The opening hours of The Kennedys pivot around Election Day 1960, as experienced at the Kennedy headquarters on the Cape. Joe (Tom Wilkinson)—the family's patriarch, the show's designated hubristic villain—works the phones with demonic intensity, for instance calling Harry S. Truman to insist that he tell those Missouri Baptists that Jack won't have his strings pulled by the Pope. Rose works her rosary beads, beginning to beat into the ground the notion that she is the local voice of piety and superstition. Bobby (Barry Pepper), not unlike Michael Corleone, dreams aloud about getting out of the family business now that his job as campaign manager is at an end. Jackie would rather be spending time with Caroline than doing a TV interview, and the tenor of Holmes' performance, an extended game of dress-up, gives the impression that the nursery is really where the woman belongs. Holmes is at her most unfortunate in scenes depicting the work of a personal physician nicknamed "Dr. Feelgood," who shoots her up with amphetamines so that she can make it through the busy day. These moments call to mind Alex P. Keaton's frantic bad vibrations in the "Speed Test" episode of Family Ties.
Jack, here and throughout, is hollow. Even when canoodling with an office blonde on election night—a mere five paces from the front porch!—he is oddly passionless. Flashbacks to Joe's tenure as the ambassador to the Court of St. James stamp out the idea that Jack has the sense to recognize that Hitler was not a solid guy, so he's got that going for him. Once he's in the Oval Office, we see that he's for the civil rights movement and against losing the Cold War—also good qualities. But The Kennedys is most interested in him as a marketing professional whose style anticipated the pain-feeling of Clinton and the culture of Oprah. It suggests that the pivotal point in his first congressional race came when he talked about his brother's death in World War II. It supposes that, after the embarrassment of the Bay of Pigs, he rescued his public-approval rating by going on TV to apologize. The bad fictional radio broadcast telling you as much—and very nearly implying that the public's approval is what we should be most concerned with—plays over a scene of touch football.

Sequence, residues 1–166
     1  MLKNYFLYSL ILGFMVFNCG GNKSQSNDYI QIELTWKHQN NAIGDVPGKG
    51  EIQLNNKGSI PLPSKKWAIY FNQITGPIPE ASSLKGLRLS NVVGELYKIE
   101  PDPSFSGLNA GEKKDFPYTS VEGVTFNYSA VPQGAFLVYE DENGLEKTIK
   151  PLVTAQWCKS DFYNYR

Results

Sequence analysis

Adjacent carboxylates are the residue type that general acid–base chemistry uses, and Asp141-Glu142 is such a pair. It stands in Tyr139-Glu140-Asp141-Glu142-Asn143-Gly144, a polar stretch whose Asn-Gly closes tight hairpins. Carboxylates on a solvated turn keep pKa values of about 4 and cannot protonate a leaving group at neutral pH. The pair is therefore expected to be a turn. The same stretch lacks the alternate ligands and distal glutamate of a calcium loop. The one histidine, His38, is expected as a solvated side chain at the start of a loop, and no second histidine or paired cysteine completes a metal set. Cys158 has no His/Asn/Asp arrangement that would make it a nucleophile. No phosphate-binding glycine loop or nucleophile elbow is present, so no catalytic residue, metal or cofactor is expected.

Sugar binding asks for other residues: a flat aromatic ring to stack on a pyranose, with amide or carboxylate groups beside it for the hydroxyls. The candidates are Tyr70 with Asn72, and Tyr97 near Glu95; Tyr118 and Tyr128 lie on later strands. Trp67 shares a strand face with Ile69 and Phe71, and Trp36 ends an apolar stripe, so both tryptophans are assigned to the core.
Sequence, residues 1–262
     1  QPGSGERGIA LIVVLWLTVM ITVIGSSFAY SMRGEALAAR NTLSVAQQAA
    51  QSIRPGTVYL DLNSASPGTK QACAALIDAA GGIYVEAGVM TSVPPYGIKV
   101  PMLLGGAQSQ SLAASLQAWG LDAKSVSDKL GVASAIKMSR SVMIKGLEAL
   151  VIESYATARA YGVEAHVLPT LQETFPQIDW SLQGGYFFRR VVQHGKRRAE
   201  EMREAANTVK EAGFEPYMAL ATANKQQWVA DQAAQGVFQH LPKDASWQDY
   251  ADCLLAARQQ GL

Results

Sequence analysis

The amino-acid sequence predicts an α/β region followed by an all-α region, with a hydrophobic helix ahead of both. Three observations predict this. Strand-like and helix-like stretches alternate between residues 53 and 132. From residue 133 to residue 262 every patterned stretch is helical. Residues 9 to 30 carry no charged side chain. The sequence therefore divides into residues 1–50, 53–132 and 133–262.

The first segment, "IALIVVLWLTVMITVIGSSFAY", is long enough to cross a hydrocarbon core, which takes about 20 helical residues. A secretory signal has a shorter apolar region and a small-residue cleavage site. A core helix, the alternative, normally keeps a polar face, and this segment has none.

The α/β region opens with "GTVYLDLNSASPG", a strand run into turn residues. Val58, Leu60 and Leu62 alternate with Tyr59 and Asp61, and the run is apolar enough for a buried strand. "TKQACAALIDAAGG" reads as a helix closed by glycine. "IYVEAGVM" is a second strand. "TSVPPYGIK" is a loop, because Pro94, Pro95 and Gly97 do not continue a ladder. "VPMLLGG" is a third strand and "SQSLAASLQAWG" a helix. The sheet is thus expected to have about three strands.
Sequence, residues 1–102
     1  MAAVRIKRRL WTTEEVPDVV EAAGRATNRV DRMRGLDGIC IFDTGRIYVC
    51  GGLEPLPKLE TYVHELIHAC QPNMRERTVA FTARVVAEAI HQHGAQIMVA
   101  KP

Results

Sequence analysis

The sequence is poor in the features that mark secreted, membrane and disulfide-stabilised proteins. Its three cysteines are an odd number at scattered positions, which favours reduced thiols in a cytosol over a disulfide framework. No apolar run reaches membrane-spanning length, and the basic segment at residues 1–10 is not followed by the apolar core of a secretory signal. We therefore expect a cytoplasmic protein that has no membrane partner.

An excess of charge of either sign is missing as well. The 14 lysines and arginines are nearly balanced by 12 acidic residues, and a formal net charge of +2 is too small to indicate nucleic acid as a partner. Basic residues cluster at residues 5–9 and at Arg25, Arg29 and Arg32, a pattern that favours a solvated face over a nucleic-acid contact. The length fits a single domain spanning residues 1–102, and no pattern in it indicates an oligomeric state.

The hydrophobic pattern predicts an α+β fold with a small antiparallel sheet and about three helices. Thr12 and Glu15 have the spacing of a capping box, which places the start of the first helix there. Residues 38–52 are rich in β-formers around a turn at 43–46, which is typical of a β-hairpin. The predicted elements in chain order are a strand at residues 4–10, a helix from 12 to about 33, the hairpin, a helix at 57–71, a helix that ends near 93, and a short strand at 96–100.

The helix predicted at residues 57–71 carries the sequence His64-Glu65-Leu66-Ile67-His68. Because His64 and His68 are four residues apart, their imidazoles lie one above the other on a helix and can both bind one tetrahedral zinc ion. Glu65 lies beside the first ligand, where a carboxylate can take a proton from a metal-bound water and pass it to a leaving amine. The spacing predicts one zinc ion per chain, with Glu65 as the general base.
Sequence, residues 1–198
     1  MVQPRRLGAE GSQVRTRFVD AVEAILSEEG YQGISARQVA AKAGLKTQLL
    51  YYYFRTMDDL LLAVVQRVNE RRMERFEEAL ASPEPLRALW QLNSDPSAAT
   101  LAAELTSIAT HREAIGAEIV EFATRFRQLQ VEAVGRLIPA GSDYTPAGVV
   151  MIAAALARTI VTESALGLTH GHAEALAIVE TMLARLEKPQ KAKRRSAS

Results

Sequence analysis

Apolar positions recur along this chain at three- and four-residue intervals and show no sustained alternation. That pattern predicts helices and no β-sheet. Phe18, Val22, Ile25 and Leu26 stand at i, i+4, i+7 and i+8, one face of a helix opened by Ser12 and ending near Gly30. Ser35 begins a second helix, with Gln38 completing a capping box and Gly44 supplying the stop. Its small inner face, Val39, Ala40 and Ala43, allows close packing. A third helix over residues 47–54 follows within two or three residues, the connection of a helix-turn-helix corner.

In its seventh hour, The Kennedys finally lurches toward Dealey Plaza. ("Hey, Lee," an employee of the Texas School Book Depository calls out to a colleague, "we're all headed down the knoll. ...") It speaks to the heart of the show's kitschiness that the narrative here fragments and flashes back so that the story of the assassination is entwined with the tale of Marilyn Monroe, of her alleged affair with Jack and subsequent drug overdose. (The Marilyn of The Kennedys mostly evokes "Burning Up"-era Madonna, which makes her about one-quarter as embarrassing as the Frank Sinatra of The Kennedys, who mostly evokes nobody.) The miniseries leaves us to suppose that Marilyn killed herself because JFK didn't love her back and that JFK died because ... well maybe the Mafia or the Cubans had something to do with it, but he died because the narrative of America required a modern martyr. Or so you might think when immersed in this thin exercise in pop folklore, a velvet-painting adoration traced with lurid tabloid colors.
Troy Patterson is Slate's television critic.